As a result, all major economies have now started taking the crypto currency ‘business’ a little more seriously even as they tread cautiously till they understand it better. However, there is no denying the fact that crypto currency is here to stay and is doing ‘big business’. A serious issue that has been raised, of late, particularly in the western countries, is: Can it be a security threat? The answer seems to be yes, it can become an ‘uncontrolled menace’.

If you are not banning it, as no major country has shown any inclination to do, then there is a need at least to have a law to control and regulate it. Without that kind of safeguard, crypto currency is going to pose a ‘volcanic danger’ especially for democratic and liberal countries like India and America.

A season of twin blessings

The denizens of the city are grateful to nature for its ‘twin blessings’ this year—the summer was difficult but not very hot, followed by a good monsoon. The city, but for a day or two in May when the temperature soared to 47 degree Celsius, experienced tolerable temperatures for the rest of the summer. And then there was ample rain in the months of July and August. It rained almost every other day but very gently, which ensured that the city did not experience any problems. By the end of August, the weatherman reported that the city had received more than its full share of rain this year.

One fails to recollect such a good summer and rainy monsoon in the recent past. A friend says we are lucky that we had a good summer/monsoon in the city this time while many places in the country and abroad experienced abnormally high temperatures and devastating floods.

Milton lost and regained!

The last time I had read John Milton’s epics, Paradise Lost and Paradise Regained, was way back in my college years. Till recently, I had some vague ideas of their themes, and the fact that they were ‘difficult-to-understand’ books remained etched in my mind.

Now that I have read fresh editions of the books, I was quite excited to realise that, this time around, I thoroughly enjoyed reading them and also managed to understand them to a large extent. And, the credit for this goes entirely to my ‘accumulated knowledge of poetic literature’ over the years.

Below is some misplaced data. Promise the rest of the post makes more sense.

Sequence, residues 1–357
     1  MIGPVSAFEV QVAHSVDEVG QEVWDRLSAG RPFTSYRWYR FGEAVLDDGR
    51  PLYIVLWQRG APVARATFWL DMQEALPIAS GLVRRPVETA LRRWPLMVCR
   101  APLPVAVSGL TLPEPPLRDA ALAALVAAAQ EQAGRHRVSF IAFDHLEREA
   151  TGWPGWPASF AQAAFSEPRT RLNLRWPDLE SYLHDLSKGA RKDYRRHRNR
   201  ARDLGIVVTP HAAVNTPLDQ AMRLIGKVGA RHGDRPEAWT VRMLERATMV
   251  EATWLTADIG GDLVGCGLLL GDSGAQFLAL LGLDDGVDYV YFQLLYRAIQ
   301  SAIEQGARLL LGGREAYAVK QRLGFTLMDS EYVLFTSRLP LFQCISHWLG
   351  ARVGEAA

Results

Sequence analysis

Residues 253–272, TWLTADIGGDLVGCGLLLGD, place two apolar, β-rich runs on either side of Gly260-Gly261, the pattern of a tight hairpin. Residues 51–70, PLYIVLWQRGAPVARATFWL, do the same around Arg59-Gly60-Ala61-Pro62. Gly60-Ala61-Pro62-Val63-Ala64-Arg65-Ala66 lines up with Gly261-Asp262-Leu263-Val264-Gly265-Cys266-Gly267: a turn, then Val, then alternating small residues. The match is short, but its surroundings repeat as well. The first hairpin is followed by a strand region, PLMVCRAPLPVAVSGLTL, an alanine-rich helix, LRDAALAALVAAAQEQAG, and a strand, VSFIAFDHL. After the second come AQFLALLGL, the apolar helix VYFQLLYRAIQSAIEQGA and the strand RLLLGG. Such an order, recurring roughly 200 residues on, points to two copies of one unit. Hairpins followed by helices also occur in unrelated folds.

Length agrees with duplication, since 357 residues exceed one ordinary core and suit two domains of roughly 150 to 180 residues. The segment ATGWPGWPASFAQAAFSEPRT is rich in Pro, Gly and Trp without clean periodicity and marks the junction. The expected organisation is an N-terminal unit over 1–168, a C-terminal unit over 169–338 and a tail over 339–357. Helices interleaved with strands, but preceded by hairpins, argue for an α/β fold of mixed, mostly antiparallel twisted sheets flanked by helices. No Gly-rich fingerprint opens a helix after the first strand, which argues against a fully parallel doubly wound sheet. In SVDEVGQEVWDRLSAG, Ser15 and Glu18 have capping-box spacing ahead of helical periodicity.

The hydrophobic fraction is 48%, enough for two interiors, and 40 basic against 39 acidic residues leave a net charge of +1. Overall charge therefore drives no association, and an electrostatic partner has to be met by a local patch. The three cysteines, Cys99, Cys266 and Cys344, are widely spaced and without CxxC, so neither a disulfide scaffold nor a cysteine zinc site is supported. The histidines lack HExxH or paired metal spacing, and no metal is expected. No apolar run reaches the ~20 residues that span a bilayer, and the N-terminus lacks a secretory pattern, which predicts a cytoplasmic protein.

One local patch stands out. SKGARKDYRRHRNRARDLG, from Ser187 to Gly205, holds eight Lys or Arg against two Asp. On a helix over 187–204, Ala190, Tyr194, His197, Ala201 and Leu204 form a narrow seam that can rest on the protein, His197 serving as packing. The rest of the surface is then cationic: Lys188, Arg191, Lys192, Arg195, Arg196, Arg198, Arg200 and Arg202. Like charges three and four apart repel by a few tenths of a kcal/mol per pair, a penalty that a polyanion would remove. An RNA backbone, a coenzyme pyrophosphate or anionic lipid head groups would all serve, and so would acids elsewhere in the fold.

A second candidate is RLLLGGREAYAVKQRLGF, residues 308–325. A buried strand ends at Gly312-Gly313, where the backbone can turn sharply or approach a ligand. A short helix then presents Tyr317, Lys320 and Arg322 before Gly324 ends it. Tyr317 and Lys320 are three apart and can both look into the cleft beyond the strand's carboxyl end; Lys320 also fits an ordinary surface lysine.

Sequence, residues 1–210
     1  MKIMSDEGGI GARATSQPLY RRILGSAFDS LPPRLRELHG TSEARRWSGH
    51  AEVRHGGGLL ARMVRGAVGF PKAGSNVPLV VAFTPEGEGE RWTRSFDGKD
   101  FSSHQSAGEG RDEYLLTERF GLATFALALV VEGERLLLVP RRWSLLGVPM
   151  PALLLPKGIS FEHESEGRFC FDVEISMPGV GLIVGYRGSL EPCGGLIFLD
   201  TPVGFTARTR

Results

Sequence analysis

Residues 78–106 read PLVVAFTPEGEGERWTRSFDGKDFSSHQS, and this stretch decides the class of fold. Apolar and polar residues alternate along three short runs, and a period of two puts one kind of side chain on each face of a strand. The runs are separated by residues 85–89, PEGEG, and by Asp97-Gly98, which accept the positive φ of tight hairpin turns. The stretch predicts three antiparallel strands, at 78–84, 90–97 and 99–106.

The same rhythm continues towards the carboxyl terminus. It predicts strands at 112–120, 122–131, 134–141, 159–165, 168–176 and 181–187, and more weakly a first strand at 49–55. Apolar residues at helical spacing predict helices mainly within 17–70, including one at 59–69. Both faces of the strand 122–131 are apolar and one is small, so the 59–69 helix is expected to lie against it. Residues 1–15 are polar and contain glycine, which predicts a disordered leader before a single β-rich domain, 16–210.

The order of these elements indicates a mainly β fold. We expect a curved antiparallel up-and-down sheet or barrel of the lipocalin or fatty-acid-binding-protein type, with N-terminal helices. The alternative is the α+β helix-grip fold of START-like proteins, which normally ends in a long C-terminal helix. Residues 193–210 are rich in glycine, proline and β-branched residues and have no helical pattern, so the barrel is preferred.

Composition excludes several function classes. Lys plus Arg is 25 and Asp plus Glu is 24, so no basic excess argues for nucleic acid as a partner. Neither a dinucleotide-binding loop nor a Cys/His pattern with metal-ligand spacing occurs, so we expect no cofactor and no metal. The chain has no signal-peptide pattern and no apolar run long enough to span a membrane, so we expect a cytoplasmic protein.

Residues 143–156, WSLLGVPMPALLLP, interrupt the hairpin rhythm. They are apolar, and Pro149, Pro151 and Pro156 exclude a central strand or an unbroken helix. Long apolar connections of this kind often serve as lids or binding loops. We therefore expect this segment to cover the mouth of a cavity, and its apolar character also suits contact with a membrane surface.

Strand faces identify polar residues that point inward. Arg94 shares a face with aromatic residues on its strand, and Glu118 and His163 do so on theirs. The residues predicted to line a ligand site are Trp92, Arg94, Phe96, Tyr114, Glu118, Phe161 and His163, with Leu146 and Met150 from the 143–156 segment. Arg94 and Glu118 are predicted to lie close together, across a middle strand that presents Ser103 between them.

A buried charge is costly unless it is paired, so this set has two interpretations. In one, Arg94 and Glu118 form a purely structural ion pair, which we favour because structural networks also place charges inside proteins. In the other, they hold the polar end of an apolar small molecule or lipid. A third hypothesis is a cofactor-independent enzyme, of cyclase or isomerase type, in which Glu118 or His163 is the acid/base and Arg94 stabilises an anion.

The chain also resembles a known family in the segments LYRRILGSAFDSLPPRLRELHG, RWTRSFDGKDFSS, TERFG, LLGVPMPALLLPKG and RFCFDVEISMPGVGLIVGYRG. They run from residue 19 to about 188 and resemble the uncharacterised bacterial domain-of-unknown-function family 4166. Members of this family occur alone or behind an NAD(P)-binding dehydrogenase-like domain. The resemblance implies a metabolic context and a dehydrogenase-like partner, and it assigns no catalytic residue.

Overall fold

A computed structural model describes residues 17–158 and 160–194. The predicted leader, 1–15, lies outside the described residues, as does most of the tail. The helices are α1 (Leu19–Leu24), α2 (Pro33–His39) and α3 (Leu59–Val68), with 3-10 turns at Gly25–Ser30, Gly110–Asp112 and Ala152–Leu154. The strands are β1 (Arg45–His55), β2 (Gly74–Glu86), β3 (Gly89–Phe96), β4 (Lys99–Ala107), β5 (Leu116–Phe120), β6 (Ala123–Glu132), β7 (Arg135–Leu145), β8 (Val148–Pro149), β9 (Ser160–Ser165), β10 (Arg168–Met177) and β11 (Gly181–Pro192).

Most critics agree that John Milton is perhaps the most important figure in English literature after Shakespeare. Both his books deal with serious issues of good and bad, moral and immoral, life and death etc. Paradise Lost is, for instance, about man’s disobedience and revolt, sin and innocence etc. The main theme of Paradise Regained is Christian heroism with the character of Jesus Christ portrayed as the epitome of Christian glory. As such, the book is centred on enduring faith in God, the power of prayer, and spirituality.

Digital reading gets a boost

Like many of my friends, I too stopped reading physical newspapers with the onset of the novel coronavirus pandemic. This led to a natural shift to reading digital newspapers. I must say that digital newspapers do not give one the joy one experiences when reading a physical newspaper. Maybe, I am yet to develop a ‘taste’ for digital newspapers!

However, one thing that I do like about digital reading is that you have the option of reading any newspapers anytime, anywhere, and with great ease. And, it does not pinch your pocket too much either!

Tailpiece:

Teacher: What is the longest word in the English language?

Student: ‘Smiles’ as there is a ‘mile’ between the first and the last letters!

By P. P. Wangchuk

P.P. Wangchuk is a New Delhi-based editor-at-large, columnist and professional speaker

Vaccines do not save lives…

It is said that only fear brings people together. And, when the fear is that of death, the world will surely come together. In the wake of the COVID-19 pandemic, we have seen the world unite to develop a vaccine against the disease. Everyone seems to be waiting eagerly for a vaccine that will prevent COVID-19. Even people who otherwise oppose vaccines and those who regard vaccinations as a marketing conspiracy are now pinning their hopes on various trials underway.

However, this unity has turned into a contest, which is reminiscent of the race to reach space. And this time too, Russia seems to have won with its Sputnik-V vaccine for COVID-19. The word ‘sputnik’ means ‘fellow traveller’ in Russian. The word holds a special place in Russia’s history after Sputnik became the first artificial satellite that was successfully launched into space. At the time, Sputnik was way ahead of its time just as Sputnik-V is now. It has left the world, especially Russia’s Cold War rival, the U.S. of A, in a state of shock.